By Francis Paul Siah
THIS is getting clearer and more factual. Sadly, even after six decades of nationhood, Malayans have never learnt nor were they ever interested in understanding the sentiments and aspirations of Sabahans and Sarawakians.
Why do more and more East Malaysians feel “out of place” in this relationship with Malaya? Why do they feel that they have been treated unfairly by Putrajaya and not as an equal partner in this federation, as had been promised in 1963?
Are the people of Sabah and Sarawak “children of a lesser god” – inferior to Malayans?
The phrase “children of a lesser god” refers to people who are thought to be inferior to others. Google further and you will note it also means that people who are disabled must have a lesser god who created them, not the god of the rest of us.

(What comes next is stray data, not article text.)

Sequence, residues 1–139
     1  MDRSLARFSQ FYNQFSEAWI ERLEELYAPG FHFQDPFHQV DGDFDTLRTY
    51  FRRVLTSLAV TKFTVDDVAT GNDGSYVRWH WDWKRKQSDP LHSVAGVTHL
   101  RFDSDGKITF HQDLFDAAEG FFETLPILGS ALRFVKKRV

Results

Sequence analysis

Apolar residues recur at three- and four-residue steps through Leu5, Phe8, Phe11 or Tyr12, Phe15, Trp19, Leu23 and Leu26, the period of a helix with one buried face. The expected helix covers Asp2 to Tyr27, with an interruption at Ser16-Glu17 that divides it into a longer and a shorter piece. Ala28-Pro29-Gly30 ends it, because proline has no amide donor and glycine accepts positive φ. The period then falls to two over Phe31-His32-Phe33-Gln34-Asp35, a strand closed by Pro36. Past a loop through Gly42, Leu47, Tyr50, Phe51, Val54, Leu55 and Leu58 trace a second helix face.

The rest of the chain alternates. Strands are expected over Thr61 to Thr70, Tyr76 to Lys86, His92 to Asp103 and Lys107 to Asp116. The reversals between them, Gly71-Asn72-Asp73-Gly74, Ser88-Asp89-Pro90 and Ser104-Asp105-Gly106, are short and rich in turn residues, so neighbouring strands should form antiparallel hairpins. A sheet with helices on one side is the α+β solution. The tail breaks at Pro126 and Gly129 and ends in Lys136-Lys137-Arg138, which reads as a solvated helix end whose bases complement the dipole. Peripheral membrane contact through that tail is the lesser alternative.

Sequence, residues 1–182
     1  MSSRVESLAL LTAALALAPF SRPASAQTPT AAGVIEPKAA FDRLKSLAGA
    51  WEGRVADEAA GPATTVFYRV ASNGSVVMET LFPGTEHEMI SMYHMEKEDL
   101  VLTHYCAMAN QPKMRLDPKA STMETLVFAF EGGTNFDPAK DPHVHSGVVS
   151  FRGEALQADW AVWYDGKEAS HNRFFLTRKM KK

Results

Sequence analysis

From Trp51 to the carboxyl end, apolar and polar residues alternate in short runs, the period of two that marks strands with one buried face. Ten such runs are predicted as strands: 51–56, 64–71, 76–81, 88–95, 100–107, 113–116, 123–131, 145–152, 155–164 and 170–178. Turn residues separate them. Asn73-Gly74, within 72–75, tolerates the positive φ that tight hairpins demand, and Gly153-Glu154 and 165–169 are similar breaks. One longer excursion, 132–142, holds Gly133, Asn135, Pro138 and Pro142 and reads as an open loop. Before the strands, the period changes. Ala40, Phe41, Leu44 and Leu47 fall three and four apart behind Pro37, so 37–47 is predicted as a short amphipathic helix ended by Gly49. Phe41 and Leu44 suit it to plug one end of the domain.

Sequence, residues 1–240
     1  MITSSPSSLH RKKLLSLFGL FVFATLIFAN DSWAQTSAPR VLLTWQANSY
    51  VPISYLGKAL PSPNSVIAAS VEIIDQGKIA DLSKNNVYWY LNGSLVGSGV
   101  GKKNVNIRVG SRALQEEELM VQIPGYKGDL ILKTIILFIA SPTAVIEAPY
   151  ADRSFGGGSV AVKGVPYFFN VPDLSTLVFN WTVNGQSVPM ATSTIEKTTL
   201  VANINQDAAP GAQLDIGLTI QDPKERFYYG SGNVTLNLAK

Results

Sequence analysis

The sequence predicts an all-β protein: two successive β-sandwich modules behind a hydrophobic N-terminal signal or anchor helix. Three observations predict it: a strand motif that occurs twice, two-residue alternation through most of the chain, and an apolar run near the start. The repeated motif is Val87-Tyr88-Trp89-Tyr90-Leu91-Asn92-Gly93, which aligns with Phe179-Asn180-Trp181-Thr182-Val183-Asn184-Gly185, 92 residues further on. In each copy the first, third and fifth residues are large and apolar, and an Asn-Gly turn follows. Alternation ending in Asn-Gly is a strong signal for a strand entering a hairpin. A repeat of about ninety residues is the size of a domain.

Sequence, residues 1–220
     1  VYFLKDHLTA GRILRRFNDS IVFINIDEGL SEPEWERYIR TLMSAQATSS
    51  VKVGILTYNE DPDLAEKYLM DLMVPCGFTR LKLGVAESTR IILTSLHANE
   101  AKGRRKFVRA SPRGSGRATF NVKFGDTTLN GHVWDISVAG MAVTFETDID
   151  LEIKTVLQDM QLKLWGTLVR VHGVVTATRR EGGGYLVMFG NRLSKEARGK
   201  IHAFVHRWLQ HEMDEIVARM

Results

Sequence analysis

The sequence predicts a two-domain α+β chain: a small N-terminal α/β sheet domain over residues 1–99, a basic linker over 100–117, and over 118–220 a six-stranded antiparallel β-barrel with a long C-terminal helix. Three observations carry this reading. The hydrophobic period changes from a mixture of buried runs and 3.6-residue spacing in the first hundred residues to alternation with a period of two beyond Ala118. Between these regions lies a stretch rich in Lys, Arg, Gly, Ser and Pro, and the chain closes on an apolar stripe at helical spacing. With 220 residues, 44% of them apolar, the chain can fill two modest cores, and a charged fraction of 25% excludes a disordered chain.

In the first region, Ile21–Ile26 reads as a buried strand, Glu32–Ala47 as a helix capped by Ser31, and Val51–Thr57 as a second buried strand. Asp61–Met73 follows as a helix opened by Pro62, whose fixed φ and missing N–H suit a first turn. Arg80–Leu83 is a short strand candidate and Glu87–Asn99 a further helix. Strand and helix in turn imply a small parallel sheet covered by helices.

I haven’t watched the 1986 romance flick, “Children of a Lesser God”, but I’ve read the synopsis and perhaps, it’ll be worth two hours of my time on my next movie night.
The movie is a love story between a young woman who is deaf and a rebellious teacher and the challenges they faced in communicating with each other.
Like the deaf woman, are Sabahans and Sarawakians handicapped in some ways, so much so that they are always deemed “second class”, deserving of only being treated as stepchildren by an evil stepmother?
I wish to alert Putrajaya to pay serious attention to what Gabungan Parti Sarawak (GPS) leaders find very disturbing of late. GPS is an ally of the Perikatan Nasional (PN) government, so national leaders had better sit up and take note.
This is a most recent example of being “inferior”. Some might want to brush aside this “ventilator” issue as a small matter but to the medical fraternity in Sarawak, it is a “big deal”.